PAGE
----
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Olympique Lyonnais: Terrible Offense Could Mean Trouble in Champions League

MADRID, SPAIN - OCTOBER 18: Miralem Pjanic (R) of Olympique Lyonnais controls the ball besides Xabi Alonso (L) of Real Madrid and Gueida Fofana of Olympique Lyonnais during the UEFA Champions League group D match between Real Madrid and Olympique Lyonnais at the Estadio Santiago Bernabeu on October 18, 2011 in Madrid, Spain.  (Photo by Jasper Juinen/Getty Images)
Jasper Juinen/Getty Images
Ryan DayCorrespondent IFebruary 13, 2012

Olympique Lyonnais is lucky to have gotten this far in the Champions League, and a knockout round match up against upstart Apoel Nicosa may prove to be the French club's undoing on Tuesday night.

Lyon made it out of Group D by the skin of their teeth—edging out Ajax for a spot in the round of 16 only because of goal differential. Even Lyon apologists are hard-pressed to defend their club, as all nine of the team's goals were scored in two matches against Dinamo Zagreb.

Despite that, everyone expects the French club to win, not because the team has what it takes to match up against Europe's best, but because their opponent—Apoel Nicosa—is the first club from the island of Cyprus to make it this far in the Champions League tournament.

Lyon has shown poor form as of late in France's Ligue 1, winning only once in their last five league appearances. And that lone win came against a very poor Dijon FCO, who is currently only two points above relegation.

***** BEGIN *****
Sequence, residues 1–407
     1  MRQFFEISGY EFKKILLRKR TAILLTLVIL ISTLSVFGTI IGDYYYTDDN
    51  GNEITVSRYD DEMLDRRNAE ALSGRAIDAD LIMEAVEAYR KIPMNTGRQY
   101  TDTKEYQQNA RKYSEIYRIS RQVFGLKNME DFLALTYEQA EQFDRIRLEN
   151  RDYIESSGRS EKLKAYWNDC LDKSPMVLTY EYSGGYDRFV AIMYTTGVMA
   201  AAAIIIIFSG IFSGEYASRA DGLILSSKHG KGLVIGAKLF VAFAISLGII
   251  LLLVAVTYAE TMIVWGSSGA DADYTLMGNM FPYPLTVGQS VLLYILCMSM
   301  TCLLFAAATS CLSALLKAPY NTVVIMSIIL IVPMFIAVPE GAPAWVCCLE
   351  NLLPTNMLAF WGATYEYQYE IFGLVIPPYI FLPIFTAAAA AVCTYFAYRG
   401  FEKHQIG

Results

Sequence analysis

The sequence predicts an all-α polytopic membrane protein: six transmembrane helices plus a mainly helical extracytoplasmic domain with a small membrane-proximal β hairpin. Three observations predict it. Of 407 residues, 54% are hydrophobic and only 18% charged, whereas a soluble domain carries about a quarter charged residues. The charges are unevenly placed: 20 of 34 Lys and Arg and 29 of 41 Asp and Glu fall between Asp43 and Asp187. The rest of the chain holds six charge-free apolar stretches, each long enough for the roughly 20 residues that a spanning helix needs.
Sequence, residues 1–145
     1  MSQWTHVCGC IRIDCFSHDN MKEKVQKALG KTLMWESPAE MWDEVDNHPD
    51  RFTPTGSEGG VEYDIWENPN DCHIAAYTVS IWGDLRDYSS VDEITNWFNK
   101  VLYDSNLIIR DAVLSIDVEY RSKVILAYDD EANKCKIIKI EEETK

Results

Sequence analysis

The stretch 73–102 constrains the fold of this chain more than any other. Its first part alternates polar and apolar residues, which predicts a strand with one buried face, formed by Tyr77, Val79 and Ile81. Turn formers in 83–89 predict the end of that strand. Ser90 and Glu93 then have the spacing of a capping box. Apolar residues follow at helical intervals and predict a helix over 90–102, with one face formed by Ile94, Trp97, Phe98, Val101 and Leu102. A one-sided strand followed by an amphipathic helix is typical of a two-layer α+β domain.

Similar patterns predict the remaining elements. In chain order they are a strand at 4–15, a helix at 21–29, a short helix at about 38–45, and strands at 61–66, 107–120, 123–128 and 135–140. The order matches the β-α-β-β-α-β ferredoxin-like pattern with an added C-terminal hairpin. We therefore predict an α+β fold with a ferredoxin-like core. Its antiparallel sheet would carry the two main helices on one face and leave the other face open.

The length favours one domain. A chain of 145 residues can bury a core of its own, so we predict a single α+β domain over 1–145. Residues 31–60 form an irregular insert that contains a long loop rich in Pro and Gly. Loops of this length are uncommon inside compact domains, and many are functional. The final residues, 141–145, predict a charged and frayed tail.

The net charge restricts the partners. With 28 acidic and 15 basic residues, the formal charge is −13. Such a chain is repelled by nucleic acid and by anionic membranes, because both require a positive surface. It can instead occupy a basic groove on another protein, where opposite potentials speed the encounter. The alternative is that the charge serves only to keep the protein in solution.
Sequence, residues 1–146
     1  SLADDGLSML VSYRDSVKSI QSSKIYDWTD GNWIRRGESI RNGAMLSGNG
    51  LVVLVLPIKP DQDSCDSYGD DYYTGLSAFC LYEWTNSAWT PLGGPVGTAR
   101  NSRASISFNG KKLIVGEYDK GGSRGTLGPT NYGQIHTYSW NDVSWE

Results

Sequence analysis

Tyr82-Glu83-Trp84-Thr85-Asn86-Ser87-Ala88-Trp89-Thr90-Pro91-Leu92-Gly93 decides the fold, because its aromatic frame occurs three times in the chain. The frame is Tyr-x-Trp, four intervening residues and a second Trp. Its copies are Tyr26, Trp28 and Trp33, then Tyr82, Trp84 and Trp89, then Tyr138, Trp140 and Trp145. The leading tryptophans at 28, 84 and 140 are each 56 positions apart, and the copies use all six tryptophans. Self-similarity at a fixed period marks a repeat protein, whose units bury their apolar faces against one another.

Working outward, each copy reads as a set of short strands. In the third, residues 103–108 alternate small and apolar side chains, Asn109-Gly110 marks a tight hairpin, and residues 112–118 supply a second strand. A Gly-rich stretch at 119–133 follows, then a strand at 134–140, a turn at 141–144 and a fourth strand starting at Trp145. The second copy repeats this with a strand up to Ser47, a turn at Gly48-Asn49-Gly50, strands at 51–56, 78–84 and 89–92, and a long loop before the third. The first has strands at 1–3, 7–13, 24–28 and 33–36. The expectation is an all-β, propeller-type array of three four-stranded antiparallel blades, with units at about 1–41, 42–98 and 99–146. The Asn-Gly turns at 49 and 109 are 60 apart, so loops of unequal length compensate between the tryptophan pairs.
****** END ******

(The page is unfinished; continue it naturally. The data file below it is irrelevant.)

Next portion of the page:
Heck, Lyon just lost on Saturday to a Caen team that was in a worse place than Dijon FCO—only one point above relegation.

The knock against the French champions is that they have a terrible offense that plays tight and scared.

Apoel Nicosa showed they like to play it very close to the vest in group play, earning three draws. But the Cypriot club also showed a willingness to open up their tactics and take chances on attacks during home matches.

Check this out—Apoel Nicosa scored twice in a home win against Zenit St. Petersburg, a team everyone thought would win. Then, Apoel Nicosa scored twice more a month later against an even more heavily favored FC Porto.

Apoel Nicosa won't be the pushover many in France think they are.

If Lyon doesn't figure out a way to score against teams not named Dinamo Zagreb, they'll forever be known as the club who let a relatively unknown team from Cyprus into the quarterfinals of the Champions League.

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